2.2. Quantification of p16INK4a and Caspase 3
Cells were fixed at 15 (control condition), 22, 25 and 27 DIV by a solution of paraformaldehyde 4% (Sigma-Aldrich, USA) for 25 min at room temperature and washed two times with phosphate buffered saline (PBS, PanBiotech, Germany). Cells were then permeabilized and non-specific sites were blocked with a solution of PBS containing 0.1% of saponin (Sigma Aldrich, USA) and 1% of FCS for 15 min at room temperature. Cells were then incubated with primary antibodies p16INK4a produced in mouse (Thermo Scientific, USA), MAP2 produced in chicken (Abcam, France) and Caspase 3 produced in rabbit (Abcam, France). These antibodies were revealed with Alexa Fluor 488 goat anti-mouse
Figure 1. Experimental schema of the in vitro study.
IgG (Molecular probe, USA), Alexa Fluor 568 goat anti-rabbit IgG (Molecular probe, USA) and Alexa Fluor 633 goat anti-chicken (Molecular probe, USA). Nuclei of neurons were labeled by a fluorescent marker (Hoechst solution, Sigma-Aldrich, USA). Quantification of p16INK4a and Caspase 3-positive neurons was done using Developer software (GE Healthcare, France). For each well of culture, 20 pictures (20x magnification) per well were taken in the same conditions using InCell AnalyzerTM 2200 (GE Healthcare, France).
2.3. Investigational Product
The MIM is notified to the Belgian Federal Agency for Medicines and Health Products under notification number 1507CH47F1. As reported by Lilli et al. , MI medicines for oromucosal administration are composed of lactose-saccharose pillules impregnated with LD and/or ULD of ethanolic preparations of immune mediators and nucleic acids. Active substances are obtained through a “serial kinetic process” reproduced a defined number of times, consisting of a 1/100 dilution process followed by vertical shaking. Centesimal Hahnemannian (CH) dilutions are used to express medicines composition indicating the number of times by which the two proceedings are carried out for each active substance. The composition of the MIM tested capsule is as follow: recombinant human (rh) interleukin-2 (IL-2; 10CH); rh epidermal growth factor (EGF; 10CH); dehydroepiandrosterone (DHEA; 10CH); dimethylsulfoxide (DMSO; 10CH); ribonucleic acid (RNA; 10CH); specific nucleic acid® (SNA) targeting human leukocyte antigen (HLA) class I (SNA-HLA I; 10CH); SNA® HLA class II (SNA-HLA II; 10CH); SNA® targeting human telomerase reverse transcriptase (TERT) (SNA-MISEN; 16CH). Vehicle used as control consists of lactose-saccharose pillules impregnated with the vehicle solution without any active substance.
The pillules contained in one capsule of MIM or vehicle control (380 mg) were dissolved in cell culture media (100 ml). Indeed, the tested lactose-saccharose concentration was 11 mM.
2.4. Statistical Analysis
Statistical analyses and graphs have been performed using SAS software 9.4 (SAS Institute, Cary NC). The data were represented by box plot with scatter diagram (of 6 data per condition, 1 culture). The comparison between groups was performed using a one-way analysis of variance (ANOVA) following by Dunnett’s test to compare control 15 DIV vs controls at 22, 25 and 27 DIV and Tukey test to compare vehicle vs MIM at 22, 25 and 27 DIV. The level of significance is set at p ≤ 0.05.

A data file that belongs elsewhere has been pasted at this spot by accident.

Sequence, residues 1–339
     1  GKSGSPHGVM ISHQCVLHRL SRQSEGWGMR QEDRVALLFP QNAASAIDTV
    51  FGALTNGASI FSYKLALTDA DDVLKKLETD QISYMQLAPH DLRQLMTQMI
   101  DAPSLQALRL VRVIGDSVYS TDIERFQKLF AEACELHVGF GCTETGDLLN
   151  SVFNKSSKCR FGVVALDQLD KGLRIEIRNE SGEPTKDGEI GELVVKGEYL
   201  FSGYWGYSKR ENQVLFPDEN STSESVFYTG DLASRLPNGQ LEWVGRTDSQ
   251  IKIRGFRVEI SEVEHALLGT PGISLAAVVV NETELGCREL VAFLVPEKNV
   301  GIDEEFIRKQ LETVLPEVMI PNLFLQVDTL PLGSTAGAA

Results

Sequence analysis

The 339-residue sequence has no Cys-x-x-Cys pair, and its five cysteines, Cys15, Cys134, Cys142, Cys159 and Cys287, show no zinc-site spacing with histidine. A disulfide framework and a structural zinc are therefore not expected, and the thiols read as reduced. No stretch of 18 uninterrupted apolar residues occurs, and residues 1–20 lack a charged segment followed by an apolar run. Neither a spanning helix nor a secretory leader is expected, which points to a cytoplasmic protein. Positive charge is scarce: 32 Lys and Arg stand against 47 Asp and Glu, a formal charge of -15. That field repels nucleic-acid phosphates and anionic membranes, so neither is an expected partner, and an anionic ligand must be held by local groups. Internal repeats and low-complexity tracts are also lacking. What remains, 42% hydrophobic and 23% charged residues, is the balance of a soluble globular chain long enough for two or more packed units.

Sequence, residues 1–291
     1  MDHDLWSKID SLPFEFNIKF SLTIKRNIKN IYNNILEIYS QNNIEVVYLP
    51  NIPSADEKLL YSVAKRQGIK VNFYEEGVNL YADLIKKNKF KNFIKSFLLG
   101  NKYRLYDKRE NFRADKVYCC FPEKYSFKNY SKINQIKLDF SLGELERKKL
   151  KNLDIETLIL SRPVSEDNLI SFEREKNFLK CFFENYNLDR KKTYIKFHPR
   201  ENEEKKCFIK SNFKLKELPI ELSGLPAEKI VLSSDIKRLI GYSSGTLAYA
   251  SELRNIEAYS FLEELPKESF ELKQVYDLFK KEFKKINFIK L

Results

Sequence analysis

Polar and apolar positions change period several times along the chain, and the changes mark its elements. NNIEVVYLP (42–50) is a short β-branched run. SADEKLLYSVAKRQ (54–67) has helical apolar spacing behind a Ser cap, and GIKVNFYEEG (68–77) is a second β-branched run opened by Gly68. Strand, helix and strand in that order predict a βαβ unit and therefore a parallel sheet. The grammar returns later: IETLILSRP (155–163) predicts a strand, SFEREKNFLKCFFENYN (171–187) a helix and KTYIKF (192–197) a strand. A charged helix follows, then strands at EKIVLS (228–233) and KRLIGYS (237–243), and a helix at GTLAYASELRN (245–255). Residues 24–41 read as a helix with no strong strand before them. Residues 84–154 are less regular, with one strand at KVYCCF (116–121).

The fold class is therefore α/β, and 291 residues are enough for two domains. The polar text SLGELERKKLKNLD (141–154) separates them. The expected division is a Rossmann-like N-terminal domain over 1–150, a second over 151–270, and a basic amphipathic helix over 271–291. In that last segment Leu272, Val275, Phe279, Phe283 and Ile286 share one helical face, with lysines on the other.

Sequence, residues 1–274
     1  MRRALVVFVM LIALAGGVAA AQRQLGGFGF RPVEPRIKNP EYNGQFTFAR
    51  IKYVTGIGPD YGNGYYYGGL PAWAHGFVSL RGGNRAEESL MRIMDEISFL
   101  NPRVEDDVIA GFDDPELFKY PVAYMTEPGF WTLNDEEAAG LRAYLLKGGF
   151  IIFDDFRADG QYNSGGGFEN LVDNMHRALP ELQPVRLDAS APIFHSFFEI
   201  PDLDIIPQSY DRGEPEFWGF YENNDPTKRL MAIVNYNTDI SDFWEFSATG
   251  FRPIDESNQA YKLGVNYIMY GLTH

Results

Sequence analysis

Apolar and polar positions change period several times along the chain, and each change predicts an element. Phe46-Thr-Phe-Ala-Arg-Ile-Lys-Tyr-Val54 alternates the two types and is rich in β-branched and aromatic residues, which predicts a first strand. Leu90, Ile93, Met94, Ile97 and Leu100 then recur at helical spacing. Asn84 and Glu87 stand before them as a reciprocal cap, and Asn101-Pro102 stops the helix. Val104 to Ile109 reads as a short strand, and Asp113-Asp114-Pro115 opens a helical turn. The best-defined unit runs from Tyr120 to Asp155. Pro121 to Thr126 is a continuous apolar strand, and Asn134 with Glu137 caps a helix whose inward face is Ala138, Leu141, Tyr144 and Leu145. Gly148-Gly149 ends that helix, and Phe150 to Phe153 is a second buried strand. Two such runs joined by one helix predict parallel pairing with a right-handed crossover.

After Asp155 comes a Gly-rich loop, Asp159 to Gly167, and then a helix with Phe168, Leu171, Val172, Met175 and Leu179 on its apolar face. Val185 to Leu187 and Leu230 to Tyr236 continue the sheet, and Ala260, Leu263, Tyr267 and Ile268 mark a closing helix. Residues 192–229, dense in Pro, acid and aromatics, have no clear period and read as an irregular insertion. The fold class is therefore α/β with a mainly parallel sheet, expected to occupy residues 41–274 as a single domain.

3.1. Effect of MIM on p16INK4a Expression
We showed that an increase of p16INK4a immunostaining appeared at 22 DIV in hippocampal neurons culture and remained at 25 DIV and 27 DIV (Figure 2). We found that vehicle had no effect on p16INK4a expression, whereas MIM was able to decrease p16INK4a levels at 22 DIV, 25 DIV and 27 DIV in a statistical significant manner (control 15 DIV vs controls 22, 25, 27 DIV [p ≤ 0.0001]; control vs MIM 22 DIV [p = 0.0004], 25 DIV [p = 0.0004] and 27 DIV [p = 0.0272]; vehicle vs MIM 22 DIV [p = 0.0017], 25 DIV [p = 0.0037], 27 DIV [p = 0.1333]). Representative pictures of hippocampal neurons staining with primary antibodies p16INK4a are reported in Figure 4.
3.2. Effect of MIM on Caspase 3 Expression
We showed that a statistically significant increase of caspase 3 immunostaining appeared at 22 DIV in culture (Figure 3). We found that neither vehicle nor MIM had effect on caspase 3 level at any time of culture (control 15 DIV vs control 22 DIV [p = 0.0098]; control vs MIM 22 DIV [p = 0.8077], 25 DIV [p = 0.8655] and 27 DIV [p = 0.7868]; vehicle vs MIM 22 DIV [p = 0.7156], 25 DIV [p = 0.6677], 27 DIV [p = 0.9886]). Representative pictures of hippocampal neurons staining with primary antibodies caspase 3 are reported in Figure 4.
Aging is associated with replicative senescence and increased p16INK4a levels in most mammalian tissues  . Using an in vitro model of neuronal senescence, this study demonstrated that the combination of LD of the components contained in the tested MIM capsule significantly reduced p16INK4a levels in a long-term hippocampal neurons culture.